• For example, Brighton and Hove will be expected to deliver a 287% increase in housing, Dover will have to increase new homes by 294% and Tunbridge Wells will have to increase by 184%.
  • In comparison, proposed housing targets for the north east are 28% lower than existing delivery, 8% lower in the north west and 6% lower in Yorkshire and Humberside.
  • Northern cities stand to see significantly fewer homes built with the new requirement seeing a 66% decrease on those built in recent years in Newcastle, 59% in Liverpool, 20% in Sheffield and 16% in Leeds.

Locally-led planning
Councils are committed to delivering the new homes with the right infrastructure that our communities desperately need and want to work with the Government to ensure a locally-led planning system provides certainty for communities, encourages brownfield development, delivers better infrastructure and increases local involvement.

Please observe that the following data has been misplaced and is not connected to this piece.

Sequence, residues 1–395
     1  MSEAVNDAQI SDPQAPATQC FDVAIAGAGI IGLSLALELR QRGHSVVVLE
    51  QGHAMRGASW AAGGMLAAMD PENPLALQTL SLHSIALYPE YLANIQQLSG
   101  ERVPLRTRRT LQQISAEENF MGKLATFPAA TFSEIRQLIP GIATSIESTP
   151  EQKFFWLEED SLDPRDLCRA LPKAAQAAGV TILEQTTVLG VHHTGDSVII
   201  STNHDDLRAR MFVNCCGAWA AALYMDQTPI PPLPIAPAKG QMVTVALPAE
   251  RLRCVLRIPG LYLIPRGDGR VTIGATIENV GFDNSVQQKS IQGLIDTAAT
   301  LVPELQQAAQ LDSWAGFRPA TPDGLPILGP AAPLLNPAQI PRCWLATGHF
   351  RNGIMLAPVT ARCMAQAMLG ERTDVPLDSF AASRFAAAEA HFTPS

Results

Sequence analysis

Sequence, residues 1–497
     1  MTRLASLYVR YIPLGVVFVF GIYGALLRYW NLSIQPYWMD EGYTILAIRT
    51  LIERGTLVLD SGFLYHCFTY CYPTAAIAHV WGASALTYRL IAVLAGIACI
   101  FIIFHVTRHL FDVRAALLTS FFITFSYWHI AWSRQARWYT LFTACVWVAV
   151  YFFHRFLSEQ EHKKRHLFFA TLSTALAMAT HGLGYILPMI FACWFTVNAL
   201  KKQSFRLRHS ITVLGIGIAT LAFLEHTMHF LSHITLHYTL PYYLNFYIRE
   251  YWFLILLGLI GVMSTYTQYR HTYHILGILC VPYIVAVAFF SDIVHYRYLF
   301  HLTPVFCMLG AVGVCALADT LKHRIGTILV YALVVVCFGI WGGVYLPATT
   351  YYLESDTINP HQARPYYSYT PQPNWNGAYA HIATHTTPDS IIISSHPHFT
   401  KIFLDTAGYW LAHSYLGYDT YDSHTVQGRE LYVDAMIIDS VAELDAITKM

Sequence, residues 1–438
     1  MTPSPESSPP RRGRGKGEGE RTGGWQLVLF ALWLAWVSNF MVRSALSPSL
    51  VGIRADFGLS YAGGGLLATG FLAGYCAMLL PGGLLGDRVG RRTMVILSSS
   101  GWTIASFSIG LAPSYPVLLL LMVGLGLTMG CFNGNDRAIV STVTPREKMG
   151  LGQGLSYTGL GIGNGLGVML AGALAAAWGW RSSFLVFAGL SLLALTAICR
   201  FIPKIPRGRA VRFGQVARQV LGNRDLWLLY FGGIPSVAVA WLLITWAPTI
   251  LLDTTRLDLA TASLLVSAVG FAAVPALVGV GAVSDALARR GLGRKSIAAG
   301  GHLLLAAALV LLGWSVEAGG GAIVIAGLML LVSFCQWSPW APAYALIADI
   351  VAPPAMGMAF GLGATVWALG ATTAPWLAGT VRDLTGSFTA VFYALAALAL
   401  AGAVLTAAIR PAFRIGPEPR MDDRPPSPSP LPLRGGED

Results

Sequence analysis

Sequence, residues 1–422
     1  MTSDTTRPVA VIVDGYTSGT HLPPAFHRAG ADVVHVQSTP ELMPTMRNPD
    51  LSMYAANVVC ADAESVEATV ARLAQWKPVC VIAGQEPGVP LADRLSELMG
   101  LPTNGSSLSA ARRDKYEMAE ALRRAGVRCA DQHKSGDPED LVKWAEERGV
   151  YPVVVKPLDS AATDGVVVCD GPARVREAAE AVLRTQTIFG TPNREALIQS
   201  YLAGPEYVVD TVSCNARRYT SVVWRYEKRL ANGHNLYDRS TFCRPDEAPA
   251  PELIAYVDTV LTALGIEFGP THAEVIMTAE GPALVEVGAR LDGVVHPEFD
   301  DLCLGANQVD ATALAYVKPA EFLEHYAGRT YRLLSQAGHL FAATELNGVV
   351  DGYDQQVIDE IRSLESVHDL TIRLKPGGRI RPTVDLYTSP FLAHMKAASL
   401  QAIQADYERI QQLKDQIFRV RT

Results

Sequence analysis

However, with nine in 10 planning applications approved by councils, and more than a million homes given planning permission in the last decade not yet built, it is the housing delivery system that is fundamentally broken, not the planning system.

A locally-led planning system needs to be able to ensure developments are of a high standard, are built in the right places, include affordable homes and are supported by infrastructure that provides enough schools, promotes greener and more active travel, and tackles climate change.

To ensure people have the right access to a mix of housing, the LGA is also calling on the Government to use the forthcoming Spending Review to allow councils to retain 100% of Right to Buy receipts and be given the flexibility to set discounts locally in order to invest in new and existing stock.